I'm really looking forward to having some dedicated craft/sewing time each week with like minded people, and to actually finishing some more projects!

What should you do if you want to start your own sewing or crafting group? 

I suggest you do what we did. Build a Facebook group, invite like minded people and get some feedback on who wants to do what, and when they can do it. Assume that only about 1 in 5 people will speak up.

Hold a meet and greet at a cafe or park. Realise you won't be able to please everyone every time, especially in terms of times and locations. Let those who miss out know they were heard and that they will hopefully be accommodated in the future.

Worry about formal stuff later, it's very likely it will sort itself out somehow but you can always reach out to local groups and associations and see if they can help out in any way, asking in local Facebook communities is a great place to find the right people.

Whatever you do, don't get discouraged by the odd hurdle or lack of interest, if it's just you and one other person that meet up that first time that's a great start, people will often hang back and see how things go first. Talk about it and put the word out there, keep at it and watch it build.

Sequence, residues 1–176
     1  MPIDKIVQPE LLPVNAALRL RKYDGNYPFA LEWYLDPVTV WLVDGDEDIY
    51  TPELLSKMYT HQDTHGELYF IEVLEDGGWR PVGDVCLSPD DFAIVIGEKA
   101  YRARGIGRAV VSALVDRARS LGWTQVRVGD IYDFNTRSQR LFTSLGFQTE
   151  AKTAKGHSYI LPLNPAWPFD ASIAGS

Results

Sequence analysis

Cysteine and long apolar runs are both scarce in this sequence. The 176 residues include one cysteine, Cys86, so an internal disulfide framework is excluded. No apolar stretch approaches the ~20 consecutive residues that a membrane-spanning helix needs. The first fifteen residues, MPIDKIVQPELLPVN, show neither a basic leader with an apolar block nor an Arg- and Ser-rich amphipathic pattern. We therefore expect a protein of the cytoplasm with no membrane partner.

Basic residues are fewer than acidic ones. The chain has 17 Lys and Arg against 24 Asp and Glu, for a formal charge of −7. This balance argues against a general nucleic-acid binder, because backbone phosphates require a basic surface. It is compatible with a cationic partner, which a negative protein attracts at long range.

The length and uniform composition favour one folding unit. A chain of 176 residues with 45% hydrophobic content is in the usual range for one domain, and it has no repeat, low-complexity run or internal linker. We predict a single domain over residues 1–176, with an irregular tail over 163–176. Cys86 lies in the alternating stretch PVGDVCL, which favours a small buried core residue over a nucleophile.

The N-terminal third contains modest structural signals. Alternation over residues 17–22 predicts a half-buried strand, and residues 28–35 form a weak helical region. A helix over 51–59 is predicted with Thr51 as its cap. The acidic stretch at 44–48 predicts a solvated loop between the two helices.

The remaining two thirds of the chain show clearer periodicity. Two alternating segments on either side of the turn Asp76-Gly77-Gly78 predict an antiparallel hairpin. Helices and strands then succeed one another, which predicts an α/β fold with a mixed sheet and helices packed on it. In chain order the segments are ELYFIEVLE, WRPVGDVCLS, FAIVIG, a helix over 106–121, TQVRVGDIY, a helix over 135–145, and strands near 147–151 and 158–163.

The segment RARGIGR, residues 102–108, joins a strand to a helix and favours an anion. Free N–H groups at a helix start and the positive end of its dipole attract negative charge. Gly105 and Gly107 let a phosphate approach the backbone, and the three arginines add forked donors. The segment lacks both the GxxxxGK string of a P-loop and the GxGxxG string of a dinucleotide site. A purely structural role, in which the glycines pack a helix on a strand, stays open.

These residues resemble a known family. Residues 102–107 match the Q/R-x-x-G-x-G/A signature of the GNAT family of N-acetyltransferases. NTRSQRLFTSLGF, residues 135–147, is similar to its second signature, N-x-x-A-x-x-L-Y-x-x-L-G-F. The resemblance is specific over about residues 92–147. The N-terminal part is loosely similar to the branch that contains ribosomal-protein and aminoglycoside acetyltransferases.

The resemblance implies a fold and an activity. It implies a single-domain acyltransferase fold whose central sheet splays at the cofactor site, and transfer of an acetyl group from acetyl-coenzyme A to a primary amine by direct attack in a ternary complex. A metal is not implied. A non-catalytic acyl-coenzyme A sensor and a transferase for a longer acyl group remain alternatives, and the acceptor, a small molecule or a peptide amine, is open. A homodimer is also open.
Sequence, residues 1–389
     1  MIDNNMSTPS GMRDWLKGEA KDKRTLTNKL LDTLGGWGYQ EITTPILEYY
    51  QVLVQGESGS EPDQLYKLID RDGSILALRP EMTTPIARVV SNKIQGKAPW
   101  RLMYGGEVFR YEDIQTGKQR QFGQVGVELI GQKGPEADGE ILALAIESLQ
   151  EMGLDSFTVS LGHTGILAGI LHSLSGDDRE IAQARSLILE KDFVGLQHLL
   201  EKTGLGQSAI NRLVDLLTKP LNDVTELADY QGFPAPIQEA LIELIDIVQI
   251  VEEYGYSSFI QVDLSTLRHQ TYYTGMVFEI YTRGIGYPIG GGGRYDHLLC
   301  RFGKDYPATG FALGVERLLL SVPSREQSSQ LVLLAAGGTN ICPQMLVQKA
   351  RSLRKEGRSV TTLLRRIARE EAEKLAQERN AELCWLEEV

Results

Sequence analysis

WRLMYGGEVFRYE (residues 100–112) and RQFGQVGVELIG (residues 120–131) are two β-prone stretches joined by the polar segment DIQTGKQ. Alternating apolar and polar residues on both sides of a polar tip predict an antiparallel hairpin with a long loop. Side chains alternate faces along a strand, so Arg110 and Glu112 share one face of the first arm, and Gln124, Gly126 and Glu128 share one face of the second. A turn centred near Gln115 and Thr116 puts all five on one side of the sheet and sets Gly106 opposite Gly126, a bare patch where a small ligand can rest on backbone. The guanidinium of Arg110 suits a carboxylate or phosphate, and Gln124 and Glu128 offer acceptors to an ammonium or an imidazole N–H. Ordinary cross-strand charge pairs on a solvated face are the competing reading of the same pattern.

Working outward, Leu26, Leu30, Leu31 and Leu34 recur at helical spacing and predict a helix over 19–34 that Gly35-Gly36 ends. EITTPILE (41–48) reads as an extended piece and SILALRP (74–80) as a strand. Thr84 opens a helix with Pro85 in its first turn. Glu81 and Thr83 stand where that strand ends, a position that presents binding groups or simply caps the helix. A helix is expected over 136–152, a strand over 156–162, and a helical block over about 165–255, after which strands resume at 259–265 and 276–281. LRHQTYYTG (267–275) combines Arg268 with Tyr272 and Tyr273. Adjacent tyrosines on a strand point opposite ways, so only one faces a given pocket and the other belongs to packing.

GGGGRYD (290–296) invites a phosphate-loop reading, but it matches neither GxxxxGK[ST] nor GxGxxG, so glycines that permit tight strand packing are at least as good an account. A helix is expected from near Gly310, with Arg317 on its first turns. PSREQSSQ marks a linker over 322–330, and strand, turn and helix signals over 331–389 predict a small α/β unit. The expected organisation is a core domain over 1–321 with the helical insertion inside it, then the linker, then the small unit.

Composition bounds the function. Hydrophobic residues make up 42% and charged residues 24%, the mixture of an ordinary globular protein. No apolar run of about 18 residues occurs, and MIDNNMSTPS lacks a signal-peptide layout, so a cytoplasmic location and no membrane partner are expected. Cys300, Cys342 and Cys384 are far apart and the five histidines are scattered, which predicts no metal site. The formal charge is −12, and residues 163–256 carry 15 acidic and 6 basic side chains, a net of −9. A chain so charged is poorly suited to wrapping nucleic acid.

By the way, I got to finish my tea this time.

Okay, I know that a cup of tea is a bit of stretch for a Finish It Friday project but I know you've all been there and had those days where attempting to finish that cuppa is worthy of being termed a 'project'. I promise to bring you many more 'real' projects soon.


See previous Finish It Friday projects.


  1. It's usually coffee for me, but I do know that finishing a cup while hot can be a feat in itself some days. So, congrats on your finish, lol.
    Actually, it sounds like you got quite a bit done! Hey, you finished the first stages of getting your group together, right? There may be more to go, but starting is the first step towards finishing.
    Thanks for the tips - I've been considering starting a local crochet group, but I have no idea where to start.

    1. I used to drink a lot of coffee, but seeing as I've always had a bit of trouble with getting to sleep I cut right back to just one morning coffee. I tend to only drink tea during winter.
      I wasn't really sure where to start with trying to get a group together either, but I joined a few local facebook groups and jumped in on some sewing conversations, I quite deliberately steered the conversation toward a sewing group and as soon as there were a comment or two of interest I created my own facebook group and invited those people, they invited more people and it's been steadily growing from there.

  2. Stella, I'm so proud of you! You started, and finished with an idea, and got accomplished what you began!! Looks finished to me! Anf congrats on the tea win, as well!!

    1. I can't even begin to tell you how much I enjoyed finally getting to drink that tea!